3 4. Identify What is Relevant: The scope of a litigation hold will be driven by the documents and ESI which are relevant to the facts and circumstances likely to be at issue in the future litigation. The type of evidence which will be deemed relevant will, of course, depend on the specific facts. Rule 401 of the Federal Rules of Evidence defines relevance as evidence having any tendency to make the existence of any fact that is of consequence to the determination of the action more probable or less probable than it would be without the evidence. The touchstone of discovery in civil cases is whether the information sought is reasonably calculated to lead to the discovery of admissible evidence and, in considering the reasonable scope of a litigation hold, one should be guided by the same legal principles. Fortunately, the courts have recognized the duty to preserve is not unlimited and does not require litigants to preserve every shred of paper, every or electronic document, and every backup tape, see Zubulake IV, 220 F.R.D. at 217, yet determining what information may be relevant is not always easy. Despite the difficulty of determining what sort of information is likely to be relevant to future litigation, lawyers should avoid the temptation of issuing a Litigation Hold Notice which simply asks members of an organization to preserve relevant evidence without providing any practical guidance on what that means in the context of the particular claim. See Samsung Electronics Co., Ltd. v. Rambus, Inc., 439 F. Supp.#2d 524, 565 (E.D.Va. 2006)(instructing employees to look for things to keep and telling them not to destroy relevant documents were insufficient for implementing a legal hold and were found to be the sort of token effort which will hardly ever suffice. ) 5. Put Your Client s Hold Notice in Writing, and Be Specific: A good Litigation Hold Notice should clearly identify the reason for the hold, should prohibit the destruction of relevant documents, and should identify what sort of information is considered relevant. Don t leave a voic or send an communicating the litigation hold, and don t walk down the hallway and instruct the custodian to save everything. Put the Litigation Hold Notice in writing, with clear instructions to suspend automatic deletion and clear instructions on what should be preserved. Make sure the Litigation Hold Notice is disseminated to all key players in the organization, and not merely to the official record custodian. Remind your client of the consequences of disregarding the litigation hold, and advise the client that if questions arise about whether something may be relevant, they should check with you before deleting it. Open communication with the client will help ensure all relevant data sources are discovered and relevant information is retained on a continuing basis. 6. Think Outside the Box: Talk with your client about what sort of ESI they have, where and how it is stored, and who has access. Consider all your client s sources of data, and look beyond just , calendar entries, contacts and task lists. What about employee cell phones and Blackberrys? What about text messages? Voic messages? Backup tapes? Hard drives? Thumb drives? Office lap tops? Social networking sites? Home computers that access the office network? Work closely with your client s IT Manager (or hire a consultant or vendor if appropriate) to get an accurate data map of all your client s ESI so you consider all data sources and can clearly articulate and monitor the preservation obligation.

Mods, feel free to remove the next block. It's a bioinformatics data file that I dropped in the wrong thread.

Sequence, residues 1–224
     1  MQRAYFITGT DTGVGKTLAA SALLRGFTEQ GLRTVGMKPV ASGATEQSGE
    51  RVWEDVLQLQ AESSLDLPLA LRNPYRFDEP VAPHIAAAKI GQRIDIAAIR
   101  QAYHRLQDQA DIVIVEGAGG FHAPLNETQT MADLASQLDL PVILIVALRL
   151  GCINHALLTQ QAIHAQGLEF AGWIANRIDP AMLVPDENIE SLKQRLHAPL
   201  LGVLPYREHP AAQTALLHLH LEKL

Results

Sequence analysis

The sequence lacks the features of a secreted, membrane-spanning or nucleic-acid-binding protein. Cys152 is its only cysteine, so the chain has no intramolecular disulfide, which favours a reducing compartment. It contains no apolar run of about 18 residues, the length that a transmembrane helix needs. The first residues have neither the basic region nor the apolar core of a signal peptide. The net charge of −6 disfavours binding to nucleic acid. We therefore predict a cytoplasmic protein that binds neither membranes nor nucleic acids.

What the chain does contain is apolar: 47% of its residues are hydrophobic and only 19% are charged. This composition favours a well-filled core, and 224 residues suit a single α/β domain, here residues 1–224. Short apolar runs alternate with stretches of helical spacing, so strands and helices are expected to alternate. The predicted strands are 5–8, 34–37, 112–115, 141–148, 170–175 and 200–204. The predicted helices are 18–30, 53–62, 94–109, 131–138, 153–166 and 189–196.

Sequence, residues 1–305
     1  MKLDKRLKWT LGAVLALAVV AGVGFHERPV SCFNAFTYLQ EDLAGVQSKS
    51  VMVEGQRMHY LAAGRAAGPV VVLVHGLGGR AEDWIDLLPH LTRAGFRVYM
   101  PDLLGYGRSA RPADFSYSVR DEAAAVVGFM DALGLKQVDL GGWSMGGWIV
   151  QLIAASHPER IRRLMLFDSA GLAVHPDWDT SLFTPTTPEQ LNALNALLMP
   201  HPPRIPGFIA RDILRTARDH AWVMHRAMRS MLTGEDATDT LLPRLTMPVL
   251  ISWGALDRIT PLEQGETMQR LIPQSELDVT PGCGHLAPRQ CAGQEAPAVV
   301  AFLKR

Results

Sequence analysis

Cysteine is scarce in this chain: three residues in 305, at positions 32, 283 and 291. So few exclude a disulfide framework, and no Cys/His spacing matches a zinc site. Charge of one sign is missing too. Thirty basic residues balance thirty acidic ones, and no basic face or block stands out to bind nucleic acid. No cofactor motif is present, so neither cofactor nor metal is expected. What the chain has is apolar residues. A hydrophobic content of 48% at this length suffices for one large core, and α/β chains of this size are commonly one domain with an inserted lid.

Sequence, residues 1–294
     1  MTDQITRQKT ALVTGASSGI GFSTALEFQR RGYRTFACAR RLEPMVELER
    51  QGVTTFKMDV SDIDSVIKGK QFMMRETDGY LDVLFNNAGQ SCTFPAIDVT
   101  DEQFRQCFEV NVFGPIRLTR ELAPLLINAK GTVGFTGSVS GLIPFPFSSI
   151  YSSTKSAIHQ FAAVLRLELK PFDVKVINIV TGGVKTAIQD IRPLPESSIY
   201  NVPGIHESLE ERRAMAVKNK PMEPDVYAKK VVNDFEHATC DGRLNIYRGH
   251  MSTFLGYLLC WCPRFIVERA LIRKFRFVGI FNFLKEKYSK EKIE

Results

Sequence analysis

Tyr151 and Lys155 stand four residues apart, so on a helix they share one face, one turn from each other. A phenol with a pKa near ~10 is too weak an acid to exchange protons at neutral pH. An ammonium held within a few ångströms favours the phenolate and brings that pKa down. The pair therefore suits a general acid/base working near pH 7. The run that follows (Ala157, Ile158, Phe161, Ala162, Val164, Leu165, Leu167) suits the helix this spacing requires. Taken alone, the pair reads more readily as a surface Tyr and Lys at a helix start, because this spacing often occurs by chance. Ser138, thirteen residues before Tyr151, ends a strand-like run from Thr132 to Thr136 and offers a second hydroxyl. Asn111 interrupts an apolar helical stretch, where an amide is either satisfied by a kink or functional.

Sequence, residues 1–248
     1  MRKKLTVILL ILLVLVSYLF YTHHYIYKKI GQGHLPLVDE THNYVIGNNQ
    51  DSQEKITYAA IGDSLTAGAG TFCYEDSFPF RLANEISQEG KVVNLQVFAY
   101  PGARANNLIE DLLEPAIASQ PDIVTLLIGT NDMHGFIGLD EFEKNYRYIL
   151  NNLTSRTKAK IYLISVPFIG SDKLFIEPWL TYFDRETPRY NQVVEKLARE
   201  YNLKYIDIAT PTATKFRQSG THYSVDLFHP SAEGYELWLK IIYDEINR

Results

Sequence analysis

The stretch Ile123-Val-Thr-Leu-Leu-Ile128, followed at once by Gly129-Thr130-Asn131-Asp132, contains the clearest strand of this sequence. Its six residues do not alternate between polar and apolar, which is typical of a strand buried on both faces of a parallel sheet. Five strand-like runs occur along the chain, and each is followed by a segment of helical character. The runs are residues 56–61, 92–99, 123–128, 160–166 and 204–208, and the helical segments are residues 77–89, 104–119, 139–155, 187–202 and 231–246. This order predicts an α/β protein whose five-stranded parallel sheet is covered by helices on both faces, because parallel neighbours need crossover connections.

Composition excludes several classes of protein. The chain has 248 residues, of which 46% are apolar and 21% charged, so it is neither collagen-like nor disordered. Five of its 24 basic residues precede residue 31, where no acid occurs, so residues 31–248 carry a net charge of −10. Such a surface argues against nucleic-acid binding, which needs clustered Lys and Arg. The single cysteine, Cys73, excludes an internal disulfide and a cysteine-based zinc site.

4 7. Follow Up to Ensure Compliance: Litigation holds, when done correctly, involve more than sending an initial hold notice to your client. It is critical that counsel follow up on the litigation hold to ensure it was implemented properly and is being followed. Counsel should docket and send periodic written reminders about the litigation hold to keep it top-ofmind among the key players, and counsel should refine the scope of the hold if the legal issues evolve or change. See, e.g., Eng, Michael J., Counsel Must Not Only Implement Litigation Hold But Must Also Oversee Its Compliance. Electronic Discovery Navigator, (Mar. 7, 2007). 8. Don t be Afraid to Bring In Help: There may be times when the sheer amount of ESI, the complexity of the data sources, or the level of sophistication required to implement a litigation hold or identify discoverable documents are too much for you and your client to manage effectively or efficiently. In those situations, hiring a qualified ESI consultant may be wise. Particularly when the litigation involves sensitive issues such as alleged fraud, certain employment-related matters, or internal investigations, an impartial third party consultant can assist in implementing and monitoring the litigation hold, as well as do the heavy lifting of sifting through ESI when the time comes to respond to discovery requests, as well as offering independently defensible testimony concerning the reasonableness of the steps taken to preserve and collect evidence. 9. Plan Ahead: Work with your clients now to develop a litigation readiness plan so that, if necessary in the future, a litigation hold can be effectively enacted, including the sequestering of back-up tapes, suspension of data destruction policies, and implementation of ESI collection procedures. Identify in advance where data is stored in active systems, backups, archival systems, and other locations so the client s data map is well-developed. Put in place methods to identify those who should be contacted for timely preservation of data. Develop exit checklists for when employees leave the client s company to ensure their documents are easy to locate and properly deleted or stored. See, e.g., Graham, Jeffrey R., Litigation Holds: Best Practices for Protecting Your Company s Data From Inadvertent Loss and Spoliation, (Aug. 2007); Beard, Jeffrey J., White Paper: Best Practices for Legal Hold Processes, (June 23, 2009). 10. Stay Current in this Rapidly-Evolving Area of Law, and Attend the Fall CLE on E-Discovery. The law concerning litigation holds is evolving rapidly, with important opinions coming out every month that impact the way in which litigation holds are managed. To be sure you comply with the discovery rules, avoid sanctions, and protect yourself and your clients from allegations of spoliation, you should closely monitor changes in this area of law, and consider attending the seminar on E-discovery which the Federal Practice Committee is planning for later this fall.
5 ADDITIONAL RESOURCES For informative blogs and additional information on managing litigation holds consider: The Knotty Issues of e-discovery Electronic Discovery Navigator: Predictability and Consistency in ediscovery Practical Know-How and Market Intelligence for Business Lawyers Maddex, Stephen J., Responding To A Litigation Hold Letter, (Feb. 19, 2009) Legal Holds and Trigger Events: A blog dedicated to cases, insights, developments and best practices relating to the development and implementation of legal holds ABA Law Practice Today Business Management Daily Unique Perspective. Independent Insight. Pragmatic Advice. Special thanks to Joshua Gilliland of D4 LLC for his contributions to the Ten Tips in Ten Minutes. Joshua Gilliland is a nationally-recognized expert on E-discovery matters and can be reached at: D4 LLC 303 Twin Dolphin Drive Suite 600 Redwood City, California (650)